[FFmpeg-user] Converting a cassette audio tape (Lecture) to mp3

Luke Davis l1 at newanswertech.com
Mon Jul 13 08:42:10 CEST 2015

On Sun, 12 Jul 2015, jd1008 wrote:

> No, it is not digitized yet.
>>> I have  plenty of audio tools installed - but not certain what
>>> else I might need.

Personally, I prefer sox for this sort of thing.
Also, arecord would do just as well.

SoX, I believe, has notes in the man page about doing this exact thing, using 
some of its effects.  You might want to try things like noise removal, EQing, or 
other similar stuff, beyond the scope of this list.

If you prefer more of a GUI, Audacity is your friend.

FFMPeg could capture the audio, but this does not seem to be its wheelhouse.

> I have a good (I will not say high) sony tape player with
> stereo audio out (1/4 inch stereo port).
> My laptop is the Dell E6510 with Intel i5 2.67GHz quad,
> and 8GB ram and oodles of swap (embarrassingly 32GB :)  )
> On the laptop, I have the stereo audio in and audio out.

I don't know that laptop in particular, but be careful with all laptops.

Things like HD noise or fan noise, or even charger noise, can get into your 
recording.  By "noise", I mean electromagnetic distortions which effect the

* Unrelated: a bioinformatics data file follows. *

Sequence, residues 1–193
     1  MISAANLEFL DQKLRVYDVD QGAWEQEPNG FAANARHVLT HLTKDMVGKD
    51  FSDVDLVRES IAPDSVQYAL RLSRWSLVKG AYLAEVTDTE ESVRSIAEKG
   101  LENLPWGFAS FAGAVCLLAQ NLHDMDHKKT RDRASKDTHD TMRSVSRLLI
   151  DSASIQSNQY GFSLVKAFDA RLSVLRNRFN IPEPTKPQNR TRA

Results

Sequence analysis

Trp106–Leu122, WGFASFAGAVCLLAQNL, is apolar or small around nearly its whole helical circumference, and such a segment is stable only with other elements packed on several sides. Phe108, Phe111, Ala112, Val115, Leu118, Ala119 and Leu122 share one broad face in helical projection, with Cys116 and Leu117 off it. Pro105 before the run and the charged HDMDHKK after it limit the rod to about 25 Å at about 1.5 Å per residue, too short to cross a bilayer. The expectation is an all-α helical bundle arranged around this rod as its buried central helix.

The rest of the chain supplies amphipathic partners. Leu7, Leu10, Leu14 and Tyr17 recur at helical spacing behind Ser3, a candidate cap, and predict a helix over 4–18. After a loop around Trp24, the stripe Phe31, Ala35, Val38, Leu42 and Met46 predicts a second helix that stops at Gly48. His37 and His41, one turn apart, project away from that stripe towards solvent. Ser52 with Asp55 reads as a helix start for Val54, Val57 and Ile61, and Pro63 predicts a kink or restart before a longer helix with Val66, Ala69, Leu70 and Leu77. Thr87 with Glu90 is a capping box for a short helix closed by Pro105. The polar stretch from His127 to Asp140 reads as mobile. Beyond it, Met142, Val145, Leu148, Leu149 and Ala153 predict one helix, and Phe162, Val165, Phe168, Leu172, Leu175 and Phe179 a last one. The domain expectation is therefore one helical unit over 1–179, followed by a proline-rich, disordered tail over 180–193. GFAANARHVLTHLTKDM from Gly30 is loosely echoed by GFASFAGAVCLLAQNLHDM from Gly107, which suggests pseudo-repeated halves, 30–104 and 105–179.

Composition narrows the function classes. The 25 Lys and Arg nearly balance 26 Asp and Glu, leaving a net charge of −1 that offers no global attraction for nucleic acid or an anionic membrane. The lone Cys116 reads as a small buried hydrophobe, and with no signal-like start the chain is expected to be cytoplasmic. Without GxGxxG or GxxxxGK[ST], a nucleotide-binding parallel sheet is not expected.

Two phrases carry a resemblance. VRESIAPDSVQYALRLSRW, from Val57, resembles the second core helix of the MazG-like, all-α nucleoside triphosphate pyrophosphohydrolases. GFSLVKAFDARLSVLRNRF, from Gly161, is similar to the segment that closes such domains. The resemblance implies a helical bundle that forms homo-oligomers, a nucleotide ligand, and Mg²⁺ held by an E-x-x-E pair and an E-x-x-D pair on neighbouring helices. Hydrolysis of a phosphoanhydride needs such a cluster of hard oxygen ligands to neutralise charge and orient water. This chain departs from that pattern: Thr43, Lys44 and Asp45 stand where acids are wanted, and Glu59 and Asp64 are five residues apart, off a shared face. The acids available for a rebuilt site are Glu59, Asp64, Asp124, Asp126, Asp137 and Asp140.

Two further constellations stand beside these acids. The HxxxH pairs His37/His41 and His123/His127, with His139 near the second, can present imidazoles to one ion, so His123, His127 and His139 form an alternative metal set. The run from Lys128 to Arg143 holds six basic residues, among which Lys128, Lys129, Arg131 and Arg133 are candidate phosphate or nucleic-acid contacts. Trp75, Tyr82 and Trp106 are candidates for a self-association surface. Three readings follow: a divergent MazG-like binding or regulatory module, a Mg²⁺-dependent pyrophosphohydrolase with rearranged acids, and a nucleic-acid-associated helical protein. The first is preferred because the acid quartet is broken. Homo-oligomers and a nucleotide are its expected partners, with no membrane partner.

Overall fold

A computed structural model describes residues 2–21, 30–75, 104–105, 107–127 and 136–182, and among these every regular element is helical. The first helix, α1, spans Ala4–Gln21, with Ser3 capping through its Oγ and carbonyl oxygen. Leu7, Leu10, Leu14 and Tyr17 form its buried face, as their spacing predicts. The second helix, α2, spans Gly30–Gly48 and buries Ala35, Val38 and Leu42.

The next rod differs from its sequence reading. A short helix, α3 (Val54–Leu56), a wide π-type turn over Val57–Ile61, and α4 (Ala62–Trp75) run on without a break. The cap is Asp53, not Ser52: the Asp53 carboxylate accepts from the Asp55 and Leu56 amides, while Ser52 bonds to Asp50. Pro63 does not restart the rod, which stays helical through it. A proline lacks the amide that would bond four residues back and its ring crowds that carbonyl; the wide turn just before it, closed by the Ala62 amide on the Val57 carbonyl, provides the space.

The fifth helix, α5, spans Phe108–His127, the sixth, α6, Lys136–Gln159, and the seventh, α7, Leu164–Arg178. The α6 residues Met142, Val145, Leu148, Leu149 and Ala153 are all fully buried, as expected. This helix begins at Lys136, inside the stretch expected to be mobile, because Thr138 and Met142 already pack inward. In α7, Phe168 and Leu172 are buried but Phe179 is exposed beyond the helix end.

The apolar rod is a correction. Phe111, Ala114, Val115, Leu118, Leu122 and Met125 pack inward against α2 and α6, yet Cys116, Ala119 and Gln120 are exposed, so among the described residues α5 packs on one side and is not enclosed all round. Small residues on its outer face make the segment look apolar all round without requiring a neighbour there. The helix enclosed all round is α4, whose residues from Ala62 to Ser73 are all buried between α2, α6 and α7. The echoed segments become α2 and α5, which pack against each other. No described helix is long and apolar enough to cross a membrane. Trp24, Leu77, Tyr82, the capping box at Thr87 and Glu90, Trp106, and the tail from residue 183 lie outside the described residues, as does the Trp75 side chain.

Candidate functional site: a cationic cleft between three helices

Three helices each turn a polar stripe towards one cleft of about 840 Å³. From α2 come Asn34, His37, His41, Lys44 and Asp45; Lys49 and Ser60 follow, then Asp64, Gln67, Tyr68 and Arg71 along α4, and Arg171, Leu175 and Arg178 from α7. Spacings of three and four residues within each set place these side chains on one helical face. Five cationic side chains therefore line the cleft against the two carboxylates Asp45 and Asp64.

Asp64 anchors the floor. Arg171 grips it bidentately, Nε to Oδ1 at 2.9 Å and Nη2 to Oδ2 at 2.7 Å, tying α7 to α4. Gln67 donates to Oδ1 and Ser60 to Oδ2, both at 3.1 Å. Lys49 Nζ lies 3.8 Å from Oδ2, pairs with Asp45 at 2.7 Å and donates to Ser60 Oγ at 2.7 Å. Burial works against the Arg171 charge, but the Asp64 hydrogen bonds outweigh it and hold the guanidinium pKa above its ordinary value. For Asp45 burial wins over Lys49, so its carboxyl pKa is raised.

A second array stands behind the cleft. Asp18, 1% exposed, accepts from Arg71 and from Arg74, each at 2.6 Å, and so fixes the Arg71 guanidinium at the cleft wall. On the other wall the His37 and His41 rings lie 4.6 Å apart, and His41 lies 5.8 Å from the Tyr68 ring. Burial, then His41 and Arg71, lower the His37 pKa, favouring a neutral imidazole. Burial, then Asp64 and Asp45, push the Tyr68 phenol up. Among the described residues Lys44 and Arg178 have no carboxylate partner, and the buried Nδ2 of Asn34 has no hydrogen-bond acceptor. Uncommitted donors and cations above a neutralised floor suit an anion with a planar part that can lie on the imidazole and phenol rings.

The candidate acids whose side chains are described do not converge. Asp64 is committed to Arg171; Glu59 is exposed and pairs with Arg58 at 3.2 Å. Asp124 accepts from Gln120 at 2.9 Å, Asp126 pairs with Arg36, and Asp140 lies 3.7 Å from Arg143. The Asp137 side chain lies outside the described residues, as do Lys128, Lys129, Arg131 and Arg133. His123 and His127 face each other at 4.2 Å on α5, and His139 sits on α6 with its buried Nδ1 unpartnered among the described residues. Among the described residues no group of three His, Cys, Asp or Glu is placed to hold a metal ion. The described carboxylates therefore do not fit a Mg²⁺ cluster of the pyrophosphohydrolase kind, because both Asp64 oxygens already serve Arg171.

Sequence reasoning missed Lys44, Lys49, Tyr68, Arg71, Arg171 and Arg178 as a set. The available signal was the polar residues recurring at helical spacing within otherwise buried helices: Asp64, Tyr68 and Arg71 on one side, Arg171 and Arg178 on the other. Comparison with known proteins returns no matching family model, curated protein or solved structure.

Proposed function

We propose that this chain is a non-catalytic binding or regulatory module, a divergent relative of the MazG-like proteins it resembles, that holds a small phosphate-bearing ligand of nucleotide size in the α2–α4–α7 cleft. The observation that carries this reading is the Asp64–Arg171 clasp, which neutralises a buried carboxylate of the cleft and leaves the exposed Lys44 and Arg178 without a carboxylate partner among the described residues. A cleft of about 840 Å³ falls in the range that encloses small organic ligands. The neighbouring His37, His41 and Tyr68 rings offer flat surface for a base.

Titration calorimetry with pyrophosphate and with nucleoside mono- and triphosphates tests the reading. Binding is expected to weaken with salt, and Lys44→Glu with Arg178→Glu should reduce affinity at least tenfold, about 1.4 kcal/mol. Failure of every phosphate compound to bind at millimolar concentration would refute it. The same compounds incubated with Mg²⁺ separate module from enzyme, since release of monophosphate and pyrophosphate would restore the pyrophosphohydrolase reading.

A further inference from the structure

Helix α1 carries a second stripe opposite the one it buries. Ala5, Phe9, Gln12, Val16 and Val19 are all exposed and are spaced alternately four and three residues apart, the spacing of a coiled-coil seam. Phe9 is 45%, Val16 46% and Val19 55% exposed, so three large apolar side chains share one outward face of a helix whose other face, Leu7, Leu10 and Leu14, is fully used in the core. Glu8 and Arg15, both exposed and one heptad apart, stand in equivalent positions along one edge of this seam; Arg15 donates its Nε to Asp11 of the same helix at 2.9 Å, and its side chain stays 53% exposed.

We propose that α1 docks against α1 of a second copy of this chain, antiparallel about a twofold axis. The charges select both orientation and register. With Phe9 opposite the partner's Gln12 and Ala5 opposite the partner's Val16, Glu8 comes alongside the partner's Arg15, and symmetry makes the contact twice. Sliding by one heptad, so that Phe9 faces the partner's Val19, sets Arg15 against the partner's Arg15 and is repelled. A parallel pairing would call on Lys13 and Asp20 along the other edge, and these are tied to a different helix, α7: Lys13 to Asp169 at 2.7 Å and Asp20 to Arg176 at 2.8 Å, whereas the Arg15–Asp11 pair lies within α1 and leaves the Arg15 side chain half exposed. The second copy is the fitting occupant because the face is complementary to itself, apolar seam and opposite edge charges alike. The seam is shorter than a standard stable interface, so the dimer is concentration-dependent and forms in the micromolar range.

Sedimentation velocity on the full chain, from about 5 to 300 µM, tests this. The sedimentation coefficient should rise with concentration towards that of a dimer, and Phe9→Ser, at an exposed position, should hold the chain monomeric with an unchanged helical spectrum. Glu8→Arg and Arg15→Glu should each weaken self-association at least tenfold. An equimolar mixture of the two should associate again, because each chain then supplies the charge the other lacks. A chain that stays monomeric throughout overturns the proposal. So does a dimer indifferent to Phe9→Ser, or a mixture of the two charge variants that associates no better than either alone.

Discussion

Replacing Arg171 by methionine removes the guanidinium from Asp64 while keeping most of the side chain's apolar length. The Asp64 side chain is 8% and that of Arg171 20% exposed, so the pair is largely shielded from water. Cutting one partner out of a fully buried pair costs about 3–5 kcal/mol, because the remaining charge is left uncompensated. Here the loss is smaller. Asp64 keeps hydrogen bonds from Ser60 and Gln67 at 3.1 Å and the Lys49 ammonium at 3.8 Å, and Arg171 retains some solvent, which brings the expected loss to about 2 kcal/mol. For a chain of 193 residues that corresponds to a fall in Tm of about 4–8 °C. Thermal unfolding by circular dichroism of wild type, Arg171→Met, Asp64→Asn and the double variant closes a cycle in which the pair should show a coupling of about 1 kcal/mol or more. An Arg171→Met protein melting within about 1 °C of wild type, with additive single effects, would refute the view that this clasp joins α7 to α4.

Better to use an external USB interface, such as the Behringer UCA202 

However, even that will have issues on some laptops.  For example, on some, if 
your battery charger/external power supply is plugged in, all recordings have a 
very bad high pitched multi-frequency noise, with harmonics all over the place 
(I.E. very hard to remove through noise reduction, although possible to get rid 
of somewhat at the cost of audio quality).

I suggest always, no matter what the sound devices involved, doing all laptop 
based recording on battery power, unless you have tested your setup under 
various conditions so that you know how it behaves, and what kind of artifacts 
make it into the end result.  Given the questions you are asking, no offense, 
you likely won't have done that.

Which is not to say don't use laptops--I use them exclusively--just that you 
need to be careful, and listen back with really good headphones.:)

rec -t wav mytape.wav

Might be the most simple command, if all things are setup right.  Even:

rec -t mp3 mytape.mp3

Will work if you have the right libs installed.  Those are the recording 
shorthand commands for SoX.

arecord -D plughw:1 -f cd mytape.wav

Might also do it, presuming you can play around with the device number to find 
the correct one. (Reading the man page and running arecord -L might help).

Both of those can be stopped with ctrl-c, although you can also specify time to 
record for them.


Luke (live audio engineer for ~25 years)

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